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In multiple regression analysis, multicollinearity is a common phenomenon, in which two or more predictor variables are highly correlated. If there is an exact linear relationship (perfect multicollinearity) among the independent variables, the rank of X is less than k+1(assume the number of predictor variables is k), and the matrix will not be invertible. So the strong correlations will cause computational instability and the OLS estimator is no longer the BLUE(best linear unbiased estimator).

We can use several common ways to measure multicollinearity, for instance, VIF(variance inflation factor) and condition number. VIF is defined as

and condition number is given by

according to some references, if the VIF is too large(more than 5 or 10) or condition number is more than 15(30), we consider that the multicollinearity is existent.

In order to solve this problem, there are 2 main approaches. Firstly, we can use robust regression analysis instead of OLS(ordinary least squares), such as ridge regression, lasso regression and principal component regression. On the other hand, statistical learning regression is also a good method, like regression tree, bagging regression, random forest regression, neural network and SVR(support vector regression).

**1 Ridge Regression**

Ridge regression addresses the problem by estimating regression coefficients using

where k is the ridge parameter and I is the identity matrix. Small positive values of k improve the conditioning of the problem and reduce the variance of the estimates. While biased, the reduced variance of ridge estimates often results in a smaller mean square error when compared to least-squares estimates.

Obviously the question is how to determine the parameter k. In general, Ridge Trace, Generalized Cross Validation(GCV) and Mallows Cp are widely used. In R language, the function lm.ridge() in package MASS could implement ridge regression(linear model). The sample codes and output as follows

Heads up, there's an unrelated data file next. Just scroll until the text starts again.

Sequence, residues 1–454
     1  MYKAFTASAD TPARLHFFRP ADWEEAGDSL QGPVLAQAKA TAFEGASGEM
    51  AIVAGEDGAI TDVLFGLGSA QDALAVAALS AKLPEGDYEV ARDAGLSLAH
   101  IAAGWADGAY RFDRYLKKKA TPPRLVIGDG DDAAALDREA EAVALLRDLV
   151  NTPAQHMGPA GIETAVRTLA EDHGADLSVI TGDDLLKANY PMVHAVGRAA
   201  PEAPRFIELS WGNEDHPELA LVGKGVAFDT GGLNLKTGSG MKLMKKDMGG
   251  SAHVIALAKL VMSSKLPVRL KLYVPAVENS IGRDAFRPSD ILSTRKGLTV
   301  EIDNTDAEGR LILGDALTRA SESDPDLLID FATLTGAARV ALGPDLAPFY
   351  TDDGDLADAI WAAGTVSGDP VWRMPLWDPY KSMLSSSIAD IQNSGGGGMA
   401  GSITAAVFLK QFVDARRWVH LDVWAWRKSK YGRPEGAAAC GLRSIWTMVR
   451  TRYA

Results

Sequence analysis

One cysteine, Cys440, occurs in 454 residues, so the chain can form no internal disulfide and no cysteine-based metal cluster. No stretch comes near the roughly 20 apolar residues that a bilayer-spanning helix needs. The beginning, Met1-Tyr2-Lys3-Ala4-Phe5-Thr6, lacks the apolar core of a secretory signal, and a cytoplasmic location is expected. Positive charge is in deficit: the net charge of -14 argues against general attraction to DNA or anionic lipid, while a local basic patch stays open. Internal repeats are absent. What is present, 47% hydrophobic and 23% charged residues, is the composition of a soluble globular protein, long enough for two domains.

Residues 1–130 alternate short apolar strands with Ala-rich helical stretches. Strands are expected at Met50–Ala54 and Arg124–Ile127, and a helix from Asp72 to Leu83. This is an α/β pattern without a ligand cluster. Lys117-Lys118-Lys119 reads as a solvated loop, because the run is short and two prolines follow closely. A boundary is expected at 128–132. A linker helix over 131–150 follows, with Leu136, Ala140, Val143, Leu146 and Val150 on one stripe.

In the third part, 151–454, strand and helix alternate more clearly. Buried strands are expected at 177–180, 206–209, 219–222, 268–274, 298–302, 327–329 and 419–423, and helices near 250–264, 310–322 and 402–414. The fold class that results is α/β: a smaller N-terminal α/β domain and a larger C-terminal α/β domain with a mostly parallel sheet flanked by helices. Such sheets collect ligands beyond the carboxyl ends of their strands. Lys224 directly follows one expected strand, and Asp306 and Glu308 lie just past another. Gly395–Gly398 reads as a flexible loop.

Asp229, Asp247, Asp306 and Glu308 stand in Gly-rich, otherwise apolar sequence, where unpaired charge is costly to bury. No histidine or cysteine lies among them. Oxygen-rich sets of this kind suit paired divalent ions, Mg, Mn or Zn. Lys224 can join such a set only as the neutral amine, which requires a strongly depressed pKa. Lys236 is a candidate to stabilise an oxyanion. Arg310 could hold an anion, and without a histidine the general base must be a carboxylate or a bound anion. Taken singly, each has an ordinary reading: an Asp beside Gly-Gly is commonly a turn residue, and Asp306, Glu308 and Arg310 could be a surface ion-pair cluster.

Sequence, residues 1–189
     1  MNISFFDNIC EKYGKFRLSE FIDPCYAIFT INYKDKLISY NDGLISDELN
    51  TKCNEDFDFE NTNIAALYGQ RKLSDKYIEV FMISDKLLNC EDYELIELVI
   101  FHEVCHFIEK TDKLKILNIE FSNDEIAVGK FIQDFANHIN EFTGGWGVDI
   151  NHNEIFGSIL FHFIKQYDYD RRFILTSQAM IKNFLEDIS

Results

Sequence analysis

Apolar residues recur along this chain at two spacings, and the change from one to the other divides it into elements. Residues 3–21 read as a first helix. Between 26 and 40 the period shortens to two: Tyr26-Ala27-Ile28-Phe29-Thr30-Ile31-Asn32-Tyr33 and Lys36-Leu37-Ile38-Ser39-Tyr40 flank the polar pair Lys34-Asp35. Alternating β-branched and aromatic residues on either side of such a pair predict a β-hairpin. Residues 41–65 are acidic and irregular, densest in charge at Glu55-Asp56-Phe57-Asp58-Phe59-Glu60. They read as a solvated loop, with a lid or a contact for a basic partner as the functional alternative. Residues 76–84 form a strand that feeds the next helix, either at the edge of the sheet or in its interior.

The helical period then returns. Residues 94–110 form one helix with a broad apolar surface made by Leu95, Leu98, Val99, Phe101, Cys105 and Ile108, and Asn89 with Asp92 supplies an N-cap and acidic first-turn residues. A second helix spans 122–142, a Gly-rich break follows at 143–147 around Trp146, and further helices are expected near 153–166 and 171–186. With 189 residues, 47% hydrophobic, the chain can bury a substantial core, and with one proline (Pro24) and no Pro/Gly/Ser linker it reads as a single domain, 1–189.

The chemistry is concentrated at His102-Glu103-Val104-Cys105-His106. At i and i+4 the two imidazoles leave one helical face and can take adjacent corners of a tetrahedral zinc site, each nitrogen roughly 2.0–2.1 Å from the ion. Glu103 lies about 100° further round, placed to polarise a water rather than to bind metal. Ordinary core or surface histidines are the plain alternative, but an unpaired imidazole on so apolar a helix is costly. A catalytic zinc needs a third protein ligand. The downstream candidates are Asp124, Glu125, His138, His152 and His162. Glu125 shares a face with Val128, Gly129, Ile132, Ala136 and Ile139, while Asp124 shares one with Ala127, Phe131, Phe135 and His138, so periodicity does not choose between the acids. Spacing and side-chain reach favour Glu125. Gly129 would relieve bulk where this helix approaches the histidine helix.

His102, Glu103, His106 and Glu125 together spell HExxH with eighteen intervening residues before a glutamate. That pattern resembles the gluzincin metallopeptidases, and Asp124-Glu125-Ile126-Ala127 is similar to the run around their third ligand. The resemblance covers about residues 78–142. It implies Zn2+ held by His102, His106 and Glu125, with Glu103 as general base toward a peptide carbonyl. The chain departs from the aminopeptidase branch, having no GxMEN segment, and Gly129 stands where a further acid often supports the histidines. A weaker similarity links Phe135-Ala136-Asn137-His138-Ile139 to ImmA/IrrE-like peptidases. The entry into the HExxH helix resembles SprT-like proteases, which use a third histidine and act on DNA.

> library(MASS); > names(longley)[1]<-"y"; > lm.ridge(y~.,longley); #OLS GNP Unemployed Armed.Forces Population 2946.85636017 0.26352725 0.03648291 0.01116105 -1.73702984 Year Employed -1.41879853 0.23128785 > r<-lm.ridge(y~.,data=longley,lambda=seq(0,0.1,0.001),model=TRUE); > r$lambda[which.min(r$GCV)]; [1] 0.006 > r$coef[,which.min(r$GCV)]; GNP Unemployed Armed.Forces Population Year 16.9874524 1.7527228 0.4423901 -8.9474628 1.1782609 Employed -0.1976319

According to the result, we can see that 0.006 is an appropriate value for ridge parameter. Actually, through the ridge trace curve, we also can get a similar conclusion.

R code as follows

coefficients<-matrix(t(r$coef)); lambda<-matrix(rep(seq(0,0.1,length=101),6)); variable<-t(matrix(rep(colnames(longley[,2:7]),101),nrow=6)); variable<-matrix(col); data<-data.frame(coefficients,lambda,col); qplot(lambda,coefficients,data=data,colour=variable, geom="line")+geom_line(size=1);

Furthermore, package ridge provides a function called linearRidge() which also can fits a linear ridge regression model, and optionally, the ridge regression parameter is chosen automatically using the method proposed by Cule. For example

> library(ridge); > data(longley); > names(longley)[1]<-"y"; > mod<-linearRidge(y~.-1,data=longley,lambda="automatic"); > summary(mod);

In this case, the function choose 0.01 as the ridge parameter, so the result is little different from the output of lm.ridge.

In addition, if you are a matlab user, the Statistics Toolbox™ function `ridge` carries out ridge regression.

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